CNBC's Rick Santelli and Bradley Belt, former Pension Benefit Guaranty Corp. CEO, discuss the federal pension insurance system and risk to tax payers.» Read More
Today, loans to debtors-in-possession — i.e., DIP loans — are all the rage....As investors are looking for ways to put money to work, they are setting their sights on the DIP loan market as a way to realize meaningful returns.
The judge in the Lenny Dykstra bankruptcy case put off until Sept. 1st a decision on whether to take control of the Chapter 11 bankruptcy away from Dykstra, or perhaps convert it to a Chapter 7 liquidation. Judge Geraldine Mund told the baseball legend's attorney, "He's gotta show me where some money's going to come from."
An attorney for baseball legend and investor Lenny Dykstra has filed a motion refuting claims made against him by the U.S. Trustee's office of federal bankruptcy court, prior to a Tuesday hearing which threatens to turn the ex-New York Met's Chapter 11 reorganization into a Chapter 7 liquidation.
Baseball legend and investor Lenny Dykstra is being accused of "dishonest conduct" by the US Trustee's office of federal bankruptcy court. As a result, the trustee is asking the judge to consider converting Dykstra's Chapter 11 reorganization to a Chapter 7 liquidation.
Digging out of debt keeps getting harder for the unemployed as more companies use detailed credit checks to screen job prospects, says the NYT.
The Bloomberg administration has accused Lehman of shortchanging the city of $627 million in corporate and other taxes, beginning in 1996. It is now trying to convince federal bankruptcy court in Manhattan that the city should jump closer to the front of Lehman’s long line of creditors.
“Conduct may be founded on the hard rock or the wet marshes” - The Great Gatsby. Conduct may be founded in the course of a massive corporate restructuring. The conduct of the CEO of one of my clients was founded in the Bronx, where he grew up one of 10 brothers and sisters, with strong family values taught to him by the words and actions of this mother and father - Irish immigrants - and a desire to achieve while always focusing on what’s important — people.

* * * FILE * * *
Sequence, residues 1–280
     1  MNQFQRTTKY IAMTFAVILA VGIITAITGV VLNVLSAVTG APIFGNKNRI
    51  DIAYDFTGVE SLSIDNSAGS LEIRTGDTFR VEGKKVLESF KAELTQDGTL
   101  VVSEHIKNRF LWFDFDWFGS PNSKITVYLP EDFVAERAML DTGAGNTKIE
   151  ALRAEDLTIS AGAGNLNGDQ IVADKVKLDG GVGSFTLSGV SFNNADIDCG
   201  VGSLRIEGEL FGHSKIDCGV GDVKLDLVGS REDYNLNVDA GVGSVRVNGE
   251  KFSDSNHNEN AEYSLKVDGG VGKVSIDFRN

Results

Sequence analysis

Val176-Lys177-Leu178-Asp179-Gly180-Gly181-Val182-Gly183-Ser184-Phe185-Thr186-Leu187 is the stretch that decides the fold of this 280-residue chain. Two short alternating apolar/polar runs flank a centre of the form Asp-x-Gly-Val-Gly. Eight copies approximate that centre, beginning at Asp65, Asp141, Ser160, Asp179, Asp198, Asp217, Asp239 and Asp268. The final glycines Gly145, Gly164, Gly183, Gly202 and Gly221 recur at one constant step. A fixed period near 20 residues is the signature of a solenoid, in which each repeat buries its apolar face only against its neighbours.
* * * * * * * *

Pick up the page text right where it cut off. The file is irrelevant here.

Private equity funds are structured to purchase and own companies; hedge funds, CLOs and banks are not. Yet, as many of today’s distressed companies binged on leverage loans from 2003 through the summer of 2007 and now need to restructure their balance sheets, hedge funds, CLOs and banks — who bought these loans as they were originated and syndicated – are, in fact, finding themselves owning reorganized companies as they emerge from the restructuring process.
Next to a Chinese restaurant in Burlington, Vt., lurks a quiet guardian of Wall Street — an obscure insurance company that is supposed to protect big-money investors in the event of a catastrophic failure of a major brokerage firm. A failure, for instance, like the one that brought down Lehman Brothers nearly 11 months ago. Now, after years in the shadows, the insurer, the Customer Asset Protection Company, could finally be put to the test, and questions are starting to swirl.
General Motors will end its half-century run as sponsor of the Buick Open golf tournament as it tries to focus scarce marketing dollars on its cars and trucks, a person briefed on the decision said Tuesday.
Years of state and federal neglect have hobbled the nation’s unemployment system just as a brutal recession has doubled the number of jobless Americans seeking aid, the New York Times reported.
A late rally pushed stocks higher Tuesday following better-than-expected earnings from several Dow components. The Dow logged its seventh-straight gain, the Nasdaq, it's tenth.
The Dow advanced Tuesday as a slew of components beat earnings expectations. But there were pockets of weakness throughout the market, including chips, hardware, banks and retail. The Nasdaq was lower.
The Obama administration warned Congress on Tuesday that a House-approved plan to restore shuttered General Motors and Chrysler dealerships would threaten the auto companies' bankruptcies and recovery.
The Dow bolted out of the gate Tuesday as a slew of components beat earnings expectations. But there were pockets of weakness throughout the market, including chips, hardware, banks and retail. The Nasdaq was lower.
Futures indicated a slightly lower open for Wall Street Tuesday ahead of a slew of earnings and Federal Reserve Chairman Ben Bernanke's Capitol Hill testimony.
With bondholders coming to the rescue of troubled commercial lender CIT Group, and not the government, a new reality is setting in for investors. With federal bailouts drying up and the economy still in distress, many more financial firms could face bankruptcy. When they do, it will be major private lenders that will have to decide whether to rescue the companies or allow them to fail.
Commercial lender CIT Group confirmed late Monday that it has secured a $3 billion bailout from its bondholders, saving the company from bankruptcy protection.
Stocks rallied to the finish line Monday after a wobbly morning as a CIT deal to avert bankruptcy and strong earnings gave investors cause for optimism.
A strong start for stocks began to peter out Monday, though CIT continued to rally.